Once your confident all entry points to your home have been sealed, you start treating the problem.
To start, you’ll want to spray your homes foundation and ground immediately adjacent to the foundation. This will both kill any present and keep them from using the area. Do this first before treating the yard around the home. This way you’ll have a barrier in place so none will migrate from the lawn into the home.
The best spray for long lasting fast results is DEFENSE SC. This actives work well because the liquid form is actually a micro-encapsulate. This means its essentially a bunch of small capsules which contain the active inside. These small microscopic capsules will open up over time exposing to expose active ingredient. The advantage of this design is that for many pests, its more likely to get on the target and lay on porous surfaces better compared to traditional emulsifiable concentrates.
D-fense should be mixed .4- to .75 oz per gallon of water. Each mixed gallon will cover 800 sq/ft so expect to use 1-2 gallons of mixed material when treating the homes inside and outside.
Basically the “capsules” are too big to sink down into porous surfaces and therefore will provide longer residual compared to normal concentrates. The end result is that you’ll have more of the active ingredient up high on top of the ground where centipedes are active. Dfense can also be used inside the home since its odorless and labeled for use on baseboards and even carpeting where people and pests will be walking.
To put in place a protective barrier around the home, you’ll need to focus the spray on a band 3-6 feet wide. Basically covering a 2 foot area of ground and a 3-4 area up the side of the home. This way you have in place a protective barrier that will both repel centipedes and kill them if they choose to cross the treatment.
Areas inside the home like baseboards, crawl spaces, basements, around anything wet like a refrigerator, decks, doorways, furnaces and hot water heaters should also be treated. Centipedes like dark, shady well hidden areas to nest so get all such areas properly protected.
For most of the foundation and inside applications, you’ll need a good PUMP SPRAYER to spray. Make sure it can produce a wide “swath” to insure proper coverage. Pin stream sprays are not recommended.
CENTIPEDES IN THE SINK ^
Since centipedes like organic matter, they commonly nest in drain lines. This will allow them direct access to homes through sinks, showers and tubs. Treat down all drain lines with PT-221 AEROSOL. Labeled for use down this sensitive area, PT-221 will both kill and repel centipedes. It only takes 3-5 seconds of spray per drain. Do this once a month during the centipede season.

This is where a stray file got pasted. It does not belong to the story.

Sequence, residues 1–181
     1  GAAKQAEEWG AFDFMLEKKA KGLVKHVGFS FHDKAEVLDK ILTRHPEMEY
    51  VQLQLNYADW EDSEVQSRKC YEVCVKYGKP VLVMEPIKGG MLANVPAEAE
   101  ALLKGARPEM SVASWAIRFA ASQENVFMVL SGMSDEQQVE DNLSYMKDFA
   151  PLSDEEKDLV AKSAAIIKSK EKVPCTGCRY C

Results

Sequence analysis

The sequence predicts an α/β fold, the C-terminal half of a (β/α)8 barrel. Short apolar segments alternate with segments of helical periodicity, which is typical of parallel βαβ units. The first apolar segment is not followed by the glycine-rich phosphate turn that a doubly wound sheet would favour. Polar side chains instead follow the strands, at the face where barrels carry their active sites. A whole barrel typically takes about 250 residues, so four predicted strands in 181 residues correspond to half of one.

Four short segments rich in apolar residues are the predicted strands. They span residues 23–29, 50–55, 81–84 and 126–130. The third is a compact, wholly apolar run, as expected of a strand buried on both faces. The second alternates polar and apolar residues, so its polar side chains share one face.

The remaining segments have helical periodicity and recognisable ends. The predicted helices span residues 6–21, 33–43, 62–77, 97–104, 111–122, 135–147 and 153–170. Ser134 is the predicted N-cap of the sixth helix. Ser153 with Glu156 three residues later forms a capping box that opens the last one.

BEST YARD TREATMENT FOR CENTIPEDES ^
Centipedes typically come from nests found around the home. Prime nests sites include pine straw, wood chips and rock gravel islands. For these areas, BIFEN GRANULES. should be applied once a month when activity is present. This product is a slow release, weather tolerant “sand like” granule which works by killing as well as repelling centipedes.
Use 5 lbs for every 4,000 sq/ft of turf or mulch. Reapply once month when activity is noted; once every 3 months to make sure they don’t return.
You will need a good GRANULE SPREADER to apply the Bifen G. Any push behind fertilizer spreader will work. But for hard to treat flower beds or island with heavy ground cover, the hand held applicator is better suited and very easy to use.
Keep in mind the granules won’t work immediately like the spray. Basically they’ll take a good 3-5 days to kick in. But watering will help activate them; applying some just before a rain is recommended as well.
CENTIPEDES IN WALL SPACE ^
Once in the home, centipedes will take advantage of dark secluded areas like wall voids behind sinks and cabinets. Treating these areas with liquids or aerosol is not suggested.
But what works well and lasts long is DRIONE DUST. This product is highly active on centipedes and will last a year or more. Blow small amounts into wall voids, under counters, into ceiling spaces for long term centipede control.
Use a HAND DUSTER when making the application and be sure to get in between all the studs and insulation where centipedes like to nest along walls where activity is continuous. Remove electric outlet covers and light switch covers and dust inside the electric boxes. Drione won’t hurt the contacts but once applied, will keep centipedes out which not surprisingly like to target these locations.
CONTACT US ^